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Asylum may be granted based on fear of facing gang persecution

On Behalf of | Sep 6, 2013 | Asylum

Generally, getting asylum requires an immigrant to prove that he would be persecuted by the government of his native country if deported back to it. A federal case out of another circuit, along with a few other cases, seems to indicate an expansion of that principle. In light of that case, California immigrants and those located elsewhere may be able to get asylum based on the fear of returning to private gang persecution.

The federal appellate court held that a 55-year-old immigrant may deserve asylum. It reversed the opposite conclusion by the Bureau of Immigration Appeals. It reasoned that the man could be considered a member of a gang-persecuted “social group” whose life, and his family’s life, would be endangered if they are deported to their country of origin.

Asylum requests regarding gang recriminations are usually unsuccessful. The decision from the 8th Circuit Court of Appeals, along with a few other rulings, may indicate an expansion to include street-gang persecution. An immigration law professor at the University of Minnesota indicates that the government’s policy on this issue is inconsistent with international human rights norms.

In the 8th Circuit case, an immigrant from Kenya got mistakenly involved with a ruthless gang and when his loyalty was questioned he was hung by his feet over a fire pit. He still bears the ankle scars from the ordeal. He and his family came here on visitor visas and later asked to stay. They were ordered deported in 2009, despite sexual assaults against a female relative in Kenya. The woman was willing to come here to testify to the dangers but the court said no, but the 8th Circuit has held that it was an abuse of discretion to deny that testimony.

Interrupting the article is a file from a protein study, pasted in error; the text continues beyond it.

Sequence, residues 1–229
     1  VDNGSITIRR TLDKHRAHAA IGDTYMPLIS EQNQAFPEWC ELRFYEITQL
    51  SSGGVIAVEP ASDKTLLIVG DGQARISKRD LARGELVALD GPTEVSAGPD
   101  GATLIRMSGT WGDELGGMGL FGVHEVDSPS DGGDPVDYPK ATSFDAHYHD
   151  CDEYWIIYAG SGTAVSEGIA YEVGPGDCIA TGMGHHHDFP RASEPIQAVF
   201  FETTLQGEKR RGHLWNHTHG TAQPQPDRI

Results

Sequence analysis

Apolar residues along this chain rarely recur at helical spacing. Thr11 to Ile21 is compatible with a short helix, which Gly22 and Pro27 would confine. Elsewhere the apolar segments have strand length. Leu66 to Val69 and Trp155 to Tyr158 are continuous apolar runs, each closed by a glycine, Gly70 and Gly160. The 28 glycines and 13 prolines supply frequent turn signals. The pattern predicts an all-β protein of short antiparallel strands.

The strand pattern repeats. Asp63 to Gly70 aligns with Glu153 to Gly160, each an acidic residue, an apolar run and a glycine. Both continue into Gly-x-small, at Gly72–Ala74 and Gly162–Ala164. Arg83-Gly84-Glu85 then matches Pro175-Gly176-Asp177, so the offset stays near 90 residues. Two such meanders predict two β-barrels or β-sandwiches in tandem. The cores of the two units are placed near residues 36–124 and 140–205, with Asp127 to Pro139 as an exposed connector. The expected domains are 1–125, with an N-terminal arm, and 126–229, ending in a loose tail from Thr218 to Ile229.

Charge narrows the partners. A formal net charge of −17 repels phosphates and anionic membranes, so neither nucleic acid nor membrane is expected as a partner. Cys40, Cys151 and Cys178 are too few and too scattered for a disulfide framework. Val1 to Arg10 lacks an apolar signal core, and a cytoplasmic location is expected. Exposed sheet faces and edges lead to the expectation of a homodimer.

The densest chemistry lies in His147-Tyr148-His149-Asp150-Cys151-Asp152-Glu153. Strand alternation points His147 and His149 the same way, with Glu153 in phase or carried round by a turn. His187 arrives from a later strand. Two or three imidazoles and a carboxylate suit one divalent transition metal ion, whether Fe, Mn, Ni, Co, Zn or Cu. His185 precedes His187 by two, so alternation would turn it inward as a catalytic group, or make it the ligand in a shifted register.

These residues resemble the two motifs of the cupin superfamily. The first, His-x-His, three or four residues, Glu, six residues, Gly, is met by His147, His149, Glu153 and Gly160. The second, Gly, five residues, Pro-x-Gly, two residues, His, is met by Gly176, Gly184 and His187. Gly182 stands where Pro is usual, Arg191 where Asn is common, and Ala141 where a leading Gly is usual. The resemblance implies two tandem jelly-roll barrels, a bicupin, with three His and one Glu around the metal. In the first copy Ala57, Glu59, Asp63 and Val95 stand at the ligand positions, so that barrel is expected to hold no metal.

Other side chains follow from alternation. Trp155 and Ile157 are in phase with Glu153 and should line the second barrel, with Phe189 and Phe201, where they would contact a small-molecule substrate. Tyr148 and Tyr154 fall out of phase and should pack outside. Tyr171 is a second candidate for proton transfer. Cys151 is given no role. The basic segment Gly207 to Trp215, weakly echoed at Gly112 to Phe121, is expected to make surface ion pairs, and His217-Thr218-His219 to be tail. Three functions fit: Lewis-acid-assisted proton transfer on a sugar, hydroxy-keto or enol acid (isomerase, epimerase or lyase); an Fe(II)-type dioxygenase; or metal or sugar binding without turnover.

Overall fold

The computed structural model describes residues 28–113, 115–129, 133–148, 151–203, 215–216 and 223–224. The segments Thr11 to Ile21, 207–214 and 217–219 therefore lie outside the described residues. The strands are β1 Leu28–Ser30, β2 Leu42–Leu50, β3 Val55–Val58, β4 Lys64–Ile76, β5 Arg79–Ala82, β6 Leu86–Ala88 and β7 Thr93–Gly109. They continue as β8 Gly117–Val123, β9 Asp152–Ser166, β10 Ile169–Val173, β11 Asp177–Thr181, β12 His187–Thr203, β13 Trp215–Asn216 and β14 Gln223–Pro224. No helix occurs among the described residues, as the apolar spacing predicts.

In California and nationwide, asylum applicants must prove they’ll be persecuted if sent back because of their race, religion, nationality, political opinion or membership in a particular social group. They must also prove that the government in their home country is unable or unwilling to crack down or control, or in some cases is colluding with, the gang or entity that is threatening their lives. The Kenya case could turn out to be a test case in which the U.S. Supreme Court may choose to expand the interpretation of the asylum requirements.

Source:, Ruben Rosario: Lakeville man’s asylum case has national implications, Ruben Rosario, Aug. 29, 2013